From 1974 to 1982, a group of researchers conducted the RAND Health Insurance Experiment. In lay terms, what they did was assign people to different levels of insurance coverage, with a particular focus on the amount of co-payments, co-insurance, and deductibles that people had to pay, and then they observed their use of the health care system. As you might expect, those who had to pay more out of their own pockets used less health care. More importantly, they didn’t make a distinction between necessary and unnecessary care.
This is why insurance companies use these methods of cost-sharing to help keep utilization and costs down. The reasoning goes that when people have to spend some of their own money at the time that they are deciding whether or not to utilize the health care system, they will be more judicious in their use of resources. In other words, if you are feeling a little bit under the weather and you don’t have to pay anything to go to the doctor, you are more likely to go than if you have to fork over $20. On the other hand if you are “truly” sick, paying the $20 will be totally worth it.
But what about the very low-income? For them, even when they are extremely sick, $20 may be too much money to spend on health care. They may have the money, but need to spend it on other things like food, or–if they are very poor–they may not have the money at all. In other words, for the low-income, cost-sharing goes from being a motivator of the judicious use of resources to a barrier to accessing the health care system. For this reason, Medicaid–the insurance program for low-income Americans–has historically limited the amount of cost-sharing that states can impose on beneficiaries.
States, meanwhile, complain of the burden that the Medicaid program places on their budgets, and they want the federal government to permit more cost-sharing. After all, they say, the economic principles that motivate cost-sharing do not play favorites. They work for those of all different income levels.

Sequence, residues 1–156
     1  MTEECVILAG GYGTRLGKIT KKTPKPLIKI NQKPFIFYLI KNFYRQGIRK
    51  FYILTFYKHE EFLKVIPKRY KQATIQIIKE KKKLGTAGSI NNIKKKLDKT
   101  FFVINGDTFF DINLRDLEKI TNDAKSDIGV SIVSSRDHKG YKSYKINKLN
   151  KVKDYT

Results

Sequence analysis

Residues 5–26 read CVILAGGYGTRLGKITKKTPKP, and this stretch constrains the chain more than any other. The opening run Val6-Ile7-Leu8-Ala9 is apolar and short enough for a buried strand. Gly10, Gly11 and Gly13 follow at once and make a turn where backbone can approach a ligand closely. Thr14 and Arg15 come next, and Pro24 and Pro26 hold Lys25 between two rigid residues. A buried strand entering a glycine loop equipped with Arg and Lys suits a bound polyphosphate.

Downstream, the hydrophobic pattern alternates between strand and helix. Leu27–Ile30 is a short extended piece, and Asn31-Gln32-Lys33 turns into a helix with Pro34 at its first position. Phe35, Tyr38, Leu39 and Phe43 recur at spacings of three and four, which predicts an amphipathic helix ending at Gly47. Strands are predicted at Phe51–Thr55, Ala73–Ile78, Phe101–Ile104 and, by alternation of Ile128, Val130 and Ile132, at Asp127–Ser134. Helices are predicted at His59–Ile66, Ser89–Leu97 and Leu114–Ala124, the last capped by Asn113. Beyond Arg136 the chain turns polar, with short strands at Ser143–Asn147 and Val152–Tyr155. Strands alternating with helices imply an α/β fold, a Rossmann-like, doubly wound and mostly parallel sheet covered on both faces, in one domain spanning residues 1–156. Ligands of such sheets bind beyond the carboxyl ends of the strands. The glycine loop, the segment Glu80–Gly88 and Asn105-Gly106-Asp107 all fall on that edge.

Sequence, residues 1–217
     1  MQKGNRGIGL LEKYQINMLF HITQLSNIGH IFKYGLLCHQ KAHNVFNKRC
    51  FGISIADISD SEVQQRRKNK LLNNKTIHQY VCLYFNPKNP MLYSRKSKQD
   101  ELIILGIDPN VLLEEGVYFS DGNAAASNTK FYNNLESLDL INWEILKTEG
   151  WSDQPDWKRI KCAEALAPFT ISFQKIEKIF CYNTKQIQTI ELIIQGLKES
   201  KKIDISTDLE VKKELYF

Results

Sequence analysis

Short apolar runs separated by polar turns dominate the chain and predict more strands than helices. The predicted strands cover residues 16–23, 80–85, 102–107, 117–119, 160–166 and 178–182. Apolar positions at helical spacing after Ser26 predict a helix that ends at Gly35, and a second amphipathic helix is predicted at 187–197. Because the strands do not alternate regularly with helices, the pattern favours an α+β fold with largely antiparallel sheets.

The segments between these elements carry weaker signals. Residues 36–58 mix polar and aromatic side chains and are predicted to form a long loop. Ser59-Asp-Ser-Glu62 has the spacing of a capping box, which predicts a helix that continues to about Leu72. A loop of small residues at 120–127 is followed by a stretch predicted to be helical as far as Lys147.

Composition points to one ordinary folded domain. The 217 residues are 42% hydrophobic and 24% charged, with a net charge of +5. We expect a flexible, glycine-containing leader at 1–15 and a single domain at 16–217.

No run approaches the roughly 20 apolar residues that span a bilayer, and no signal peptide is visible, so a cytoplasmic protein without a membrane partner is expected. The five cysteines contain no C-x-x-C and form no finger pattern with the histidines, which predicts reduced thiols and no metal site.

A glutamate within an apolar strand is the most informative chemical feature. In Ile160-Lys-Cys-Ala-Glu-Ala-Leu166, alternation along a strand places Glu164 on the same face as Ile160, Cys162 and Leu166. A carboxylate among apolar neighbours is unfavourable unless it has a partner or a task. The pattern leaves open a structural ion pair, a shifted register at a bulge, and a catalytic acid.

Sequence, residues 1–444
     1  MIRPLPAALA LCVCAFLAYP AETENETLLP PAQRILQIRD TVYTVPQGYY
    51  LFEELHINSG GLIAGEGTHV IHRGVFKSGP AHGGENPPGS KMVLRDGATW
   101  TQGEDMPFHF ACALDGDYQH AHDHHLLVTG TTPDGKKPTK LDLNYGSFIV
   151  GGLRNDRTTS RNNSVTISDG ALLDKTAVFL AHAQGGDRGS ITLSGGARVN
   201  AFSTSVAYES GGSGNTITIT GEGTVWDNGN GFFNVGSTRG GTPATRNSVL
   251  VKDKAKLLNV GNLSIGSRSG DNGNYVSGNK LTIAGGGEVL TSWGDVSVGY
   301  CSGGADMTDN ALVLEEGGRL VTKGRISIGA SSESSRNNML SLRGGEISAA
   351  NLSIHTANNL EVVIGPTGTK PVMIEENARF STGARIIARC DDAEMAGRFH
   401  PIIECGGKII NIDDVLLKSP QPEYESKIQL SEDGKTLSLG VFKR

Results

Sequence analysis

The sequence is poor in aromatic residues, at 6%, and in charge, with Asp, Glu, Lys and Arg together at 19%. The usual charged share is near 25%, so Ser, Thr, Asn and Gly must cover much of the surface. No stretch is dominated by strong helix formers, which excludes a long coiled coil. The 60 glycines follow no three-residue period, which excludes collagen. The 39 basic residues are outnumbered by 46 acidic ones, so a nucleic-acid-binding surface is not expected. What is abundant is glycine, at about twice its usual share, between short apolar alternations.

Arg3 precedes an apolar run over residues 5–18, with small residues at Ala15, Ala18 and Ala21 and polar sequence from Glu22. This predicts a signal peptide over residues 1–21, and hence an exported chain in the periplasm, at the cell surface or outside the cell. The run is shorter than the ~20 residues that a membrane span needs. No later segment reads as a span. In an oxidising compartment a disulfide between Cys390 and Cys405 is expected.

The problem is, that’s not true. Cost-sharing is not based relative to income, but rather is a fixed amount and/or a percentage of health care charges. Therefore, common sense points out that the overall burden of any given level of cost-sharing decreases as an individual’s income increases. Translation: cost-sharing hits the poor the hardest.
Now, in an effort to woo states that have so far declined to participate in the Medicaid expansion under the Affordable Care Act, the Department of Health and Human Services has published a proposed rule that would permit states to charge “higher than nominal levels” of cost-sharing to Medicaid beneficiaries earning more than 100% of the federal poverty level.
While this does continue to protect the poorest of the poor, it exposes those marginally less poor to a significant cost barrier, which the RAND Health Insurance Experiment tells us means they will seek less care. As we know from the Oregon Health Study, when the uninsured suddenly gain Medicaid coverage, they have better access to care, use more of it, and it costs more money than leaving them to go without altogether.
Unfortunately, the current political compromise is likely to throw a wrench into the works. Expanding coverage for low-income Americans, while shifting more of the financial burden of their care directly onto them, is a recipe for a disaster of underinsurance, where individuals are covered in spirit, but remain vulnerable in practice. We would do better to be honest with ourselves and just deny them coverage.
Brad Wright is an Assistant Professor of health management and policy who blogs at Wright on Health.